As we mentioned earlier, renting out your home is a liability. There is always the possibility of accommodating a nightmarish guest. So before diving headfirst into home rental, consult your insurance company to check what will be covered in the event of something going wrong. Some insurance companies may require you to purchase a business policy if you plan on renting out your home regularly. If you rent out your home for a majority of the year, then you may need to purchase a landlord or rental dwelling policy. Some home rental websites, like Airbnb, do offer insurance to U.S. hosts that would protect them if one of their guests becomes injured during their stay, or if a guest ends up damaging the home.
Do you need to report your home rental earnings as income? Well, if you rent out your home for 14 days or less, then no. If you rent your home for more than 14 days, then yes, the rent you accrue during this period must be included in your income. Either way, whether you rent for less than 14 days or more than 14 days, some websites, like Airbnb, will send a tax form documenting the income to the IRS. Therefore, it’s important to keep detailed records of your guests and the time they spent in your home in case you receive a letter from the IRS requesting that you pay unreported income.
Choosing a WebsiteNow that we’ve covered the essential first steps for preparing your home for renting, let’s take a closer look at some of the specifics of a few of the more popular home rental websites, including Airbnb and HomeAway.
Based in San Francisco, Airbnb is probably the home rental website that most people are familiar with. This is largely attributed to the vast amount of praise it has received from both users and critics for its’ ease-of-use and ubiquity over the past couple of years. Airbnb operates worldwide in over 34,000 cities in over 190 countries. Since its conception in 2008, Airbnb has managed over 2,000,000 listings that have accommodated over 60,000,000 guests.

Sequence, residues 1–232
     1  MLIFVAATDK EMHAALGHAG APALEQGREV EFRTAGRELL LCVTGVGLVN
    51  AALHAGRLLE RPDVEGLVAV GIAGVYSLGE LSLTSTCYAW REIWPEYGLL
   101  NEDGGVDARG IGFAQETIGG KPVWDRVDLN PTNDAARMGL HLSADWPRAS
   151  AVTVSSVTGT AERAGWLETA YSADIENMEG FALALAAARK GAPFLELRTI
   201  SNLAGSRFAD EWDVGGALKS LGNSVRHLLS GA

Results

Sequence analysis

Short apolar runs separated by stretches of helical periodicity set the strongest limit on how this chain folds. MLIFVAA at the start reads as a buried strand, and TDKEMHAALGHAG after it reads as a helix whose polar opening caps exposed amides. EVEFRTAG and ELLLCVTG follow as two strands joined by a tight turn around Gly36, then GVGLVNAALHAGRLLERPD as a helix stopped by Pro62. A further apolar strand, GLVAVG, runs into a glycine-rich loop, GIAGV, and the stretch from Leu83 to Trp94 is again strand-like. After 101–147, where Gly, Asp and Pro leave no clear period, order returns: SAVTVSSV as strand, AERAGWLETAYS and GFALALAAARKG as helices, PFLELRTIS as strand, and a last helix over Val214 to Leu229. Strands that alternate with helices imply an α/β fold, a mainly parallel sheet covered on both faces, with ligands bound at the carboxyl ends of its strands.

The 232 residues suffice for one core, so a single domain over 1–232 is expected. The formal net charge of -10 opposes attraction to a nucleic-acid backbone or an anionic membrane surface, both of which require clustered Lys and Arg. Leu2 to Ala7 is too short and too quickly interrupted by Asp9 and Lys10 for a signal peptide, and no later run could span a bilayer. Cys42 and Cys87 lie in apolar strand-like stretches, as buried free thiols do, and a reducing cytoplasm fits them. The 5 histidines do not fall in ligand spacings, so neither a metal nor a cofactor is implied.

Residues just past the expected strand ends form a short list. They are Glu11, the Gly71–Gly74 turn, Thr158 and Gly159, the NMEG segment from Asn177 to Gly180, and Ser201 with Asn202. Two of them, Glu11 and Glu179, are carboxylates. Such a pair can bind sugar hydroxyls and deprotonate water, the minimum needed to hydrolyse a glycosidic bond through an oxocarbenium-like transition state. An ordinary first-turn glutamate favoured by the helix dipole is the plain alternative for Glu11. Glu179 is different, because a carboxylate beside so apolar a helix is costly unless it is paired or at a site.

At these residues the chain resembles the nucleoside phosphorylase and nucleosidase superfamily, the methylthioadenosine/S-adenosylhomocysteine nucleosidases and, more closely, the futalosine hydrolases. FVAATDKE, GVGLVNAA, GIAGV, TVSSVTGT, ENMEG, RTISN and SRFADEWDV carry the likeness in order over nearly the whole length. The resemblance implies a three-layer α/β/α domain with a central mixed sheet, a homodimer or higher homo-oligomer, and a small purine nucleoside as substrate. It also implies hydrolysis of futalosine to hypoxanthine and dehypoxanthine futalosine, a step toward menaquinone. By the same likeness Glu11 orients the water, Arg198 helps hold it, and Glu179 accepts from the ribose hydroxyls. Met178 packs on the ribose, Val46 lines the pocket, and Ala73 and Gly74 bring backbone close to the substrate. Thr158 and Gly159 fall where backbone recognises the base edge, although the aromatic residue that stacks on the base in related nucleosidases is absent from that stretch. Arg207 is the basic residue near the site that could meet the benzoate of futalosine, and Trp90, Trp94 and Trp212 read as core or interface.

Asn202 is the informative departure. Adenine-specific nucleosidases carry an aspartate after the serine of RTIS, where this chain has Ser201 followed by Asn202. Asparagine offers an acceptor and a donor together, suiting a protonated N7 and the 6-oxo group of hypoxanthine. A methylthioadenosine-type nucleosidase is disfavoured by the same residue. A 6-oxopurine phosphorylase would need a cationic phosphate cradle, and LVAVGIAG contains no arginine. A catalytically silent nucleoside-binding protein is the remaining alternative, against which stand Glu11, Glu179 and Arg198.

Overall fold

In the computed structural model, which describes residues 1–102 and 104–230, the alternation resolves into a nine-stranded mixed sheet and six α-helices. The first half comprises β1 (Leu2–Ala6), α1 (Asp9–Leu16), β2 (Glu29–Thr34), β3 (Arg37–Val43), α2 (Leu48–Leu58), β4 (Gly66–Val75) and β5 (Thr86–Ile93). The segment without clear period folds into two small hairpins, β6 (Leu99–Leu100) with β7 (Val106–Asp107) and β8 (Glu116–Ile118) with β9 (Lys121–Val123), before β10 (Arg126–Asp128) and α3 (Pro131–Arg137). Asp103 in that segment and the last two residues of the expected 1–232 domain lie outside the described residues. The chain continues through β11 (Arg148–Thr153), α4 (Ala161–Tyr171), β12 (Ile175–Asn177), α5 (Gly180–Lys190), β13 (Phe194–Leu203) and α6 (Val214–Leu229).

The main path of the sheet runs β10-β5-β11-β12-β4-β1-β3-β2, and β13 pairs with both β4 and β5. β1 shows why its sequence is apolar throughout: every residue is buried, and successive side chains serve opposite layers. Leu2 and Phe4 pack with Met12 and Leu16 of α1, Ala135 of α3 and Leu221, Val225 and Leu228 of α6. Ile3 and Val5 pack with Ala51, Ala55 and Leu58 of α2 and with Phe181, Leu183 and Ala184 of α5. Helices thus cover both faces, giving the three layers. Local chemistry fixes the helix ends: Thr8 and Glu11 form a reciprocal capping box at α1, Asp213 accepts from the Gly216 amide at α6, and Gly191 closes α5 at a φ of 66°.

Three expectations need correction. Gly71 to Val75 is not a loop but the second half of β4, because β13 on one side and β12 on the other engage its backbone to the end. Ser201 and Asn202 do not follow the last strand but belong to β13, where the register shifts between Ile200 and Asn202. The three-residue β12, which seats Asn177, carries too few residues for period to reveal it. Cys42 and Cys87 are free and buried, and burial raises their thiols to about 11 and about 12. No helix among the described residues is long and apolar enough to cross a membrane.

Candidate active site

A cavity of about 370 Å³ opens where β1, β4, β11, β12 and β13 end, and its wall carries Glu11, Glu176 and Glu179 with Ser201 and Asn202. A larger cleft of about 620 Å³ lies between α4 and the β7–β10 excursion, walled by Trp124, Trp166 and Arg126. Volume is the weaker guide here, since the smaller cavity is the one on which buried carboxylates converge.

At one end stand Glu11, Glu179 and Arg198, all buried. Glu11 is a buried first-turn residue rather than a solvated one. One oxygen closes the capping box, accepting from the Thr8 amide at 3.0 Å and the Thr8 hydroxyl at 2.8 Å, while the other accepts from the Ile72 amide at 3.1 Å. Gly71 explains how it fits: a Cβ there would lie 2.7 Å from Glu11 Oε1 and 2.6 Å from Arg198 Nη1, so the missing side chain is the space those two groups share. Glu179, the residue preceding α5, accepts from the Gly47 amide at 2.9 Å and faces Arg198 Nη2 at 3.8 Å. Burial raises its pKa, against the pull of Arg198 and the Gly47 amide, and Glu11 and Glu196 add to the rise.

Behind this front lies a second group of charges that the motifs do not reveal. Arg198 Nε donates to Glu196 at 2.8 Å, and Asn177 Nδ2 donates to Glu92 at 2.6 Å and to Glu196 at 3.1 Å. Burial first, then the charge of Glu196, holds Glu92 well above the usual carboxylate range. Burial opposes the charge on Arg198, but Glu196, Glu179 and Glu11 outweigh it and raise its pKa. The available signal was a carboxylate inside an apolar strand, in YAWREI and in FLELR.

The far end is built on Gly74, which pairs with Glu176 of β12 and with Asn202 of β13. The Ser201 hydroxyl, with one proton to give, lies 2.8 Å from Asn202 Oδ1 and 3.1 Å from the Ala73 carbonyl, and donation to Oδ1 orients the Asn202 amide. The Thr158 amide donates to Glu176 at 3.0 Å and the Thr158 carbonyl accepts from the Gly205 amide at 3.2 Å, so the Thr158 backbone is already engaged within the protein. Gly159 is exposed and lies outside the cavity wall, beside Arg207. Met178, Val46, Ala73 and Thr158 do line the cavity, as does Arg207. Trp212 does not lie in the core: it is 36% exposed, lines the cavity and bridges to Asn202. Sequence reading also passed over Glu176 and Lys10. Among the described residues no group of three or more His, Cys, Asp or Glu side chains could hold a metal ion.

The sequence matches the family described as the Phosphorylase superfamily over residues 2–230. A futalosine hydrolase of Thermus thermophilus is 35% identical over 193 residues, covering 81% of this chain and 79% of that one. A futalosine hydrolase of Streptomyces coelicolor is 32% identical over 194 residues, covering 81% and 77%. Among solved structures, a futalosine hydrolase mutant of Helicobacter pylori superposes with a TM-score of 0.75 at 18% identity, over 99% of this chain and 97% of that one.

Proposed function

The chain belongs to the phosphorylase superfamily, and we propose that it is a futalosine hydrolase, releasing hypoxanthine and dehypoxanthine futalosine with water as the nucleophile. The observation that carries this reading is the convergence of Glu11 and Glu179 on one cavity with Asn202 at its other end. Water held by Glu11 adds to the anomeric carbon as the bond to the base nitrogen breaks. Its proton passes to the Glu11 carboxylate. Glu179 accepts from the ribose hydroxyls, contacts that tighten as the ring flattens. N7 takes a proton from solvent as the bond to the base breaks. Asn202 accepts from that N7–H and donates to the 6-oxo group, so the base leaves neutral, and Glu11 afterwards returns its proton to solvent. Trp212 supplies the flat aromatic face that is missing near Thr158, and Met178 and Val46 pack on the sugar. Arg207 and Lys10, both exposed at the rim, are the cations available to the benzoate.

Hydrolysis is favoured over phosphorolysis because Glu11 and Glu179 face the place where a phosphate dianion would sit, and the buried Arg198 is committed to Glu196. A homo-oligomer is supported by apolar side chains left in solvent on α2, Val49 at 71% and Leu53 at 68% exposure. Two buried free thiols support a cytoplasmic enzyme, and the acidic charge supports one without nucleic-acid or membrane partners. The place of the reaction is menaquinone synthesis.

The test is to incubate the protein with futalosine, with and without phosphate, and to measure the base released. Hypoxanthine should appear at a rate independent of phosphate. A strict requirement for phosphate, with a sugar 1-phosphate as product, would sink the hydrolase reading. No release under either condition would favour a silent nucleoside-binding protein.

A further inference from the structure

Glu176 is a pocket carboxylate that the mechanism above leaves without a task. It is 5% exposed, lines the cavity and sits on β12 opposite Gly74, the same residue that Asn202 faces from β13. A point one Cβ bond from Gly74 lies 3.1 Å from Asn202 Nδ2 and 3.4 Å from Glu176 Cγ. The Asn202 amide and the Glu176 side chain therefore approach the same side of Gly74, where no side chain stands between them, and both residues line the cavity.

With Airbnb, you’ll:
• Have access to a global support team that’s available 24 hours a day
• Receive up to $1,000,000 in protection for eligible hosts
• Be able to review detailed guest profiles with host reviews and strict verified ID process
• Use secure payment and messaging tools
• Be charged a 3 percent host fee for each booking
Based in Austin, HomeAway is another leading home rental website that offers many of the same amenities as Airbnb. They operate in over 190 countries and also own and manage a swath of other rental websites including VRBO.com, VacationRentals.com, and many more international domains.
With HomeAway you’ll:
• Have access to 24-hour customer service
• Be able to see customer and host reviews
• Receive coverage for damages if eligible
• Be charged an annual subscription or a 10-13 percent host fee for each booking
Pros and Cons of Renting Out Your HomePros:
• You’ll generate extra income through a secured payment system
• You’ll make connections with people from all over the world
• Listing your home is free through some websites
• With most websites, you have the freedom to take down your listing whenever you want
• Most websites provide insurance coverage for property that’s been damaged by guests
• You could be evicted if you don’t first consult your landlord
• Some cities and homeowners associations prohibit “Short-stay accommodations”
• Your home may get damaged from disrespectful guests
• Most websites require you to pay a hosting fee
ConclusionThe home rental industry has made a lot of exciting new advancements over the past few years and continues to grow in popularity. As we mentioned before, guests expect a home that feels like home. A broken air conditioner or faulty plumbing can ruin that feeling fairly quickly. Therefore, to ensure your future guests’ expectations are met, it’s important to have a plan in the event of a major home appliance or home system breakdown. With a home warranty from AHS, you can protect your budget from unexpected breakdowns as well as your overall rental rating.